At the end of another day, at Lake Taupo, more lightworks.                        

This is a very big lake.  It partially fills a caldera (collapse crater) of Taupo Volcano, a "supervolcano." Fortunately the eruptions are not frequent.  The caldera's current size is a result of the Oruanui Eruption, which devastated much of the North Island about 27,000 years ago.  There were many smaller eruptions between that and the Taupo Eruption 1800 years ago, the most violent eruption known to have occurred in the world over the last 5000 years.  The ash plume reached the stratosphere and covered New Zealand in least 1cm of ash, and it is possible that this ash was the cause of red sunsets recorded by the Romans and Chinese at that time.

The surrounding Taupo Volcanic Zone is still active, and the Taupo Volcano is regarded as dormant. 

Hmmm.  I think there is a lesson here about our size in the scheme of things. 

But being tiny is not a reason to feel powerless - the Dalai Lama quote comes to mind - "if you think you are too small to make a difference, try sleeping with a mosquito."


Bee watching on a sunny summer evening

One of those special times - a balmy summer evening when the sunlight is bright and low in the sky and thus providing light at an interesting angle.  It was illuminating a profusion of oregano flowers growing by the verandah, making a bright halo around them.  The vision was not just attractive to me.  Several honeybees were busily feeding. One of the bees caught my eye.  It seemed rather tiny and very determined.  The backlighting made its abdomen appear to glow.It fed, buzzed, landed, fed - appearing very focused...the epitome of the busy bee, reaching ever more of the flowers. Oops, acrobatics were required when one of its feet appeared to get hooked in the plant.But it was only seconds before its balance and feeding resumed.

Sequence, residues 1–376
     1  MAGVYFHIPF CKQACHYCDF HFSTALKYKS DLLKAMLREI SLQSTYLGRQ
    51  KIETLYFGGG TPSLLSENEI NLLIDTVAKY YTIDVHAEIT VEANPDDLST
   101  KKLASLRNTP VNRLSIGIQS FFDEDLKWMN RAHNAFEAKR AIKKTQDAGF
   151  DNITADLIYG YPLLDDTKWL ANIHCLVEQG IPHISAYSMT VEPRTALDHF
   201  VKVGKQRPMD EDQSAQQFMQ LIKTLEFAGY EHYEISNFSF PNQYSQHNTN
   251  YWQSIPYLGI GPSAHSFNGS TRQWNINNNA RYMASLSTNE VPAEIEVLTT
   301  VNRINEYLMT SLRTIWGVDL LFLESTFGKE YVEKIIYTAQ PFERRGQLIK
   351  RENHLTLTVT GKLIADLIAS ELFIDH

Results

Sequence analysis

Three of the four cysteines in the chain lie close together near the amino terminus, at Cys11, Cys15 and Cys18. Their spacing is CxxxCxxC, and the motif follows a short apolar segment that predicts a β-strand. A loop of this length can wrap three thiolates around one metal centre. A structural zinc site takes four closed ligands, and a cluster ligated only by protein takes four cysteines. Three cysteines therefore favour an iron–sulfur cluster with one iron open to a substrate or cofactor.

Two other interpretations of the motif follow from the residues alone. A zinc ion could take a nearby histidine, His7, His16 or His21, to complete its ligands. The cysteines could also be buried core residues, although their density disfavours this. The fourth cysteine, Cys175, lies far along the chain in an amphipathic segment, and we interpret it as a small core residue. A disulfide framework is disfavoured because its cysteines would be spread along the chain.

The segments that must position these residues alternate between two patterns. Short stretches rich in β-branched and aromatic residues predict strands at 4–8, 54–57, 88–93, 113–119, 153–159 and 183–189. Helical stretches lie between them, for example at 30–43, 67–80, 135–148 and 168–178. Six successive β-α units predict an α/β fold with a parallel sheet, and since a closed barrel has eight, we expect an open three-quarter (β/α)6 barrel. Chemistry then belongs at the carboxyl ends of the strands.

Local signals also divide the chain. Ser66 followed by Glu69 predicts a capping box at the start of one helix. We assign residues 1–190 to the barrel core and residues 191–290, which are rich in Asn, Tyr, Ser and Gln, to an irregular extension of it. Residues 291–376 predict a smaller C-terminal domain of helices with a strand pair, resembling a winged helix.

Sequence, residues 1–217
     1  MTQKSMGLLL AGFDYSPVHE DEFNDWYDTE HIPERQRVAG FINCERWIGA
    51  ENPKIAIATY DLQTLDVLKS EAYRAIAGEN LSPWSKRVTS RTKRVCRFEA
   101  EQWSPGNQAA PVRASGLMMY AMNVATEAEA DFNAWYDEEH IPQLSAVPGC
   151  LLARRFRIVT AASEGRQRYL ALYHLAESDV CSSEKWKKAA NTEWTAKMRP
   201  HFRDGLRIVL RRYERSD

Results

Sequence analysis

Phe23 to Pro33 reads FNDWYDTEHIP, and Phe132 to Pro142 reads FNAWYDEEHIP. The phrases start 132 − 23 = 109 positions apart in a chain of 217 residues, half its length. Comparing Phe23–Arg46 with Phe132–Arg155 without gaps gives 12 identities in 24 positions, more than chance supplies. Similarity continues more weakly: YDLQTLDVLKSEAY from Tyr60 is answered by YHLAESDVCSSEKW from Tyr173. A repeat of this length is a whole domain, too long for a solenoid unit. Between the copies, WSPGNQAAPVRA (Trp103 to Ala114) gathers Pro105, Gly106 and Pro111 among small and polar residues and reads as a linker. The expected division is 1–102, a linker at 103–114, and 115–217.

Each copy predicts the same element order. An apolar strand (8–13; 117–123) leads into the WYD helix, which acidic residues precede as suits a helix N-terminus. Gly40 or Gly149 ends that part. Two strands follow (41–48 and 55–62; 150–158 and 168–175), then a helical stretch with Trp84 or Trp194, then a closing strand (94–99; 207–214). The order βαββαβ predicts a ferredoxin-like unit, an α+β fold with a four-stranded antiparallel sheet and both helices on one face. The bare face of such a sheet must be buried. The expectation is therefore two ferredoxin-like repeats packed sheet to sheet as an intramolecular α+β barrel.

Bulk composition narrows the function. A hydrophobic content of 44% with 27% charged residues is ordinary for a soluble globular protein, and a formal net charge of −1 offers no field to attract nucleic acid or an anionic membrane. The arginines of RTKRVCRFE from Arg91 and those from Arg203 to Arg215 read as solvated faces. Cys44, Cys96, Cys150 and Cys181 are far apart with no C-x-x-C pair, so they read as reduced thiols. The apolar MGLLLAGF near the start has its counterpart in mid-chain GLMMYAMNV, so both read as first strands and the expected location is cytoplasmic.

I was happy drinking in the pleasure of watching this little bee, in turn drinking what I hope was good nourishing nectar.  Bees are so precious now - we keep identifying more hazards, arising from our impact on the environment, the way bees are used and exposed to pests, the use of poisons on the plants they visit.  At least I do know that the herb plant had not been sprayed and there were no neonicotinoids used in that area.  This is a plea to all who read this - do take care of the environment so that bees can recover and flourish.


A vibrant sight - pohutukawa in flower

The end of the year is nigh.  Christmas has been celebrated and the pohutukawa - Metrosideros excelsa, the "New Zealand Christmas tree" - have been blessing us with their beautiful rich reds, ranging from crimson to scarlet.  This one is at Greta Point, but it seems that everywhere you look here in Wellington they are adding their vibrance to the bright summery weather. Although they did not naturally grow in Wellington they have been used a great deal in amenity plantings in the city and in the suburbs.  They thrive almost too well here (as they do to the point of being weeds in places like Spain and California) and there is a cooling down on their use.  Instead we are encouraged to plant a relative that grew here naturally - northern rātā, Metrosideros robusta. 

But when the pohutukawa are in full flower the rich redness is appreciated and welcomed, not least because it is associated with a festive time.  Judging by the number of cameras and smartphones that I see being used, I am not alone in my delight.  And although picturing the pohutukawa flowers is a seasonal cliche, I am happy to celebrate them and with them the pleasures that summer and the end of year can bring.